I’ll be honest, when I first read today’s verse, I thought, “I must have written the reference down wrong, because this doesn’t make any sense. I see stuff about camels, but nothing about Jesus here.” And then I remembered: wise men. Duh! Sorry guys, guess I kind of forgot about you.
“A herd of camels will cover your land, young camels of Midian and Ephah. And all from Sheba will come, bearing gold and incense and proclaiming the praise of the Lord.” Isaiah 60:6
You can see the intended reference to the time when the Queen of Sheba came to visit King Solomon. While I don’t think there were precisely three kings and camels from orient are at Jesus’ bedside, I doubt Mary and Joseph were crowded out by “herds covering the land” either.
Who were these men, anyway? My opinion is that they were men from somewhere in Persia who had a few drops of Jewish blood in them. Not enough to be looking for a Messiah to worship and give their lives to, but just enough to be curious and see some mystical benefit from the visit.
The majority of the book of Isaiah foretells of the coming exile of the northern kingdom of Israel into Assyria, which happened in 722 BC. About 150 years later, Babylon comes along and takes over everything in the area, including the Assyrians. You can imagine that quite of bit of scattering and chaos happens at this point. The Jews living in Judah are carted off to Babylon and are eventually freed seventy years later, but what about the Jews who were already exiled by Assyria? Some of them came back too, but a lot of them were lost and never returned to Israel. Maybe they had abandoned God and no longer identified themselves a Jews (not that they were acting particularly Godly before they were exiled!), who knows. My theory is that some of those Assyrian-captive Jews allowed themselves to become absorbed into the culture, syncretizing their own beliefs with those popular around them. Fast forward a few hundred years, and the result is a few wise men looking for a King of the Jews who come seemingly out of nowhere. The Gospels never record these men as becoming believers, or even staying in Israel to see how things turn out with this baby-King they’d found. For whatever reason, these men wanted to see the King so badly they left their homes and brought gifts.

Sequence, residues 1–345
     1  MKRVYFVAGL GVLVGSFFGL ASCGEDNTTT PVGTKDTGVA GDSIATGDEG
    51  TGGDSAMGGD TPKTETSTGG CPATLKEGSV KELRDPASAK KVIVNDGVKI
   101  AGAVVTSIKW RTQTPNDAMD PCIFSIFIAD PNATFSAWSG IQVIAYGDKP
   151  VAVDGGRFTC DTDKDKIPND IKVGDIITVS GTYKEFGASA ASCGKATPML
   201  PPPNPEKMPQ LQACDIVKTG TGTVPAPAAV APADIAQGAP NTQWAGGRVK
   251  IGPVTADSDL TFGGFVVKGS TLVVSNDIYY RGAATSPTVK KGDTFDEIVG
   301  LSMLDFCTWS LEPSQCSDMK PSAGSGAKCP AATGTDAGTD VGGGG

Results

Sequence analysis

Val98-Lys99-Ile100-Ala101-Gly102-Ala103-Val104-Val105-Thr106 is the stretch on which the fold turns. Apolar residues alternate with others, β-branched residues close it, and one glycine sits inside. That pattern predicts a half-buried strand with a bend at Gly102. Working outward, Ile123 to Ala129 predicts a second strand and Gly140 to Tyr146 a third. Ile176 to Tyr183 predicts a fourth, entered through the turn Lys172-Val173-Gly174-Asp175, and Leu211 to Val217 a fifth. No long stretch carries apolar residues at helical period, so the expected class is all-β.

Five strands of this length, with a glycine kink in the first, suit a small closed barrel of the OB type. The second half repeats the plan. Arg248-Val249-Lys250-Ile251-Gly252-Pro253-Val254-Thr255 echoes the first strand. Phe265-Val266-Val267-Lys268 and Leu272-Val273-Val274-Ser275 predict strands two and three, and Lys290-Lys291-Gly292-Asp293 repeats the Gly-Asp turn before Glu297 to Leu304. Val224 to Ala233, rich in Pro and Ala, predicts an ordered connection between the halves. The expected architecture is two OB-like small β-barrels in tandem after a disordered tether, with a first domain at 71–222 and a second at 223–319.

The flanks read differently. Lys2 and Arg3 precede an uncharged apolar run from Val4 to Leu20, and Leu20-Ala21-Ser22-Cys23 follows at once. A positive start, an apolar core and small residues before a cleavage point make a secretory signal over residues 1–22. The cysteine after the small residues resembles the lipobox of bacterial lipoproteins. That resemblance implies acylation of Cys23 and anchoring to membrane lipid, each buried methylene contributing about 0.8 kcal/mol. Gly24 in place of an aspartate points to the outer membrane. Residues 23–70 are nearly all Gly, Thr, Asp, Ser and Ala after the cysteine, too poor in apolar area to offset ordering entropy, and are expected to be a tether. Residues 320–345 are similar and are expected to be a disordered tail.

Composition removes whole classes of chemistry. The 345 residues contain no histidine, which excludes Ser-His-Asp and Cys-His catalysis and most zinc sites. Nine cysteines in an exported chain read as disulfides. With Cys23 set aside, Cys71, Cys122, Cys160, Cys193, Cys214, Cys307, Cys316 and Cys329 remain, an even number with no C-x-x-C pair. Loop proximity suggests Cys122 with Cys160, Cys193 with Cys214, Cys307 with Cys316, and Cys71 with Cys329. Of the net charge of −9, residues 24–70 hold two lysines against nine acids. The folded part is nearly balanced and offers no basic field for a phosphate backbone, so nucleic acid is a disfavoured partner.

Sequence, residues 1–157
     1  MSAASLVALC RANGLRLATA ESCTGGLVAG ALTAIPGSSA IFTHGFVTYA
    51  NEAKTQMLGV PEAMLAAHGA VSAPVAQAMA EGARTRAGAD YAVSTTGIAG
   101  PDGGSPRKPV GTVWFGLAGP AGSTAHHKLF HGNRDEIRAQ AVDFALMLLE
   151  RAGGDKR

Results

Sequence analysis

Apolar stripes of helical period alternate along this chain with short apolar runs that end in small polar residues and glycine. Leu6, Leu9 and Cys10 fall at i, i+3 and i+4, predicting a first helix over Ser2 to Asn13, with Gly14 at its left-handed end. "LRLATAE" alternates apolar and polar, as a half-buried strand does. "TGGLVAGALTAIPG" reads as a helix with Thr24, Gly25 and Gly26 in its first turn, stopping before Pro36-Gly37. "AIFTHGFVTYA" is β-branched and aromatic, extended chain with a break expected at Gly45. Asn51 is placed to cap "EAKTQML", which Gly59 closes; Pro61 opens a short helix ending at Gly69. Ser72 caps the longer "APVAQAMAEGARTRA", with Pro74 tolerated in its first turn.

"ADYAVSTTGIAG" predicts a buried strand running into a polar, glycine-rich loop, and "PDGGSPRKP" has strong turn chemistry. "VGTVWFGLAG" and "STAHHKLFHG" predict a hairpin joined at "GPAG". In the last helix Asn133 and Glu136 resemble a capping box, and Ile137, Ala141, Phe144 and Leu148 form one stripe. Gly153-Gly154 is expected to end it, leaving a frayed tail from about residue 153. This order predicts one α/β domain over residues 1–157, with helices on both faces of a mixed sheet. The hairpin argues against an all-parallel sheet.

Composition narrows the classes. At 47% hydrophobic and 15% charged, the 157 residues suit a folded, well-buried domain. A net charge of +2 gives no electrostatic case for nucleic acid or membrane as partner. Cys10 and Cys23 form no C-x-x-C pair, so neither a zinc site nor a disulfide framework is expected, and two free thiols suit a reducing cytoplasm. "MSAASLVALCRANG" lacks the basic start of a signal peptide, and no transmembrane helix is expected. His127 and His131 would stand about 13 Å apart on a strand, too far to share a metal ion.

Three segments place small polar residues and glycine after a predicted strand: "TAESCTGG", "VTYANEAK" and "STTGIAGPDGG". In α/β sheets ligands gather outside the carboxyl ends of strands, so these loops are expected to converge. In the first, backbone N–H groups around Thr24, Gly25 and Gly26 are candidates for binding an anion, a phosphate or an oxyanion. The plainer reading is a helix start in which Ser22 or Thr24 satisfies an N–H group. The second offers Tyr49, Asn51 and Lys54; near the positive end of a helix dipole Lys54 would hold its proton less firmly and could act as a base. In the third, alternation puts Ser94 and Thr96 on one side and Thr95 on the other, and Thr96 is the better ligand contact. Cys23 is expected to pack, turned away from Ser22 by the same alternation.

I find great comfort in this idea, because it shows me that Jesus draws people to Him, even when they don’t completely understand who He is or what He stands for. As someone who feels called by God to share His truth with those who think they know Him but have been deceived, I am encouraged that once that door of curiosity is opened, the Holy Spirit can work His way to bring the seeker to a point of understanding and surrender.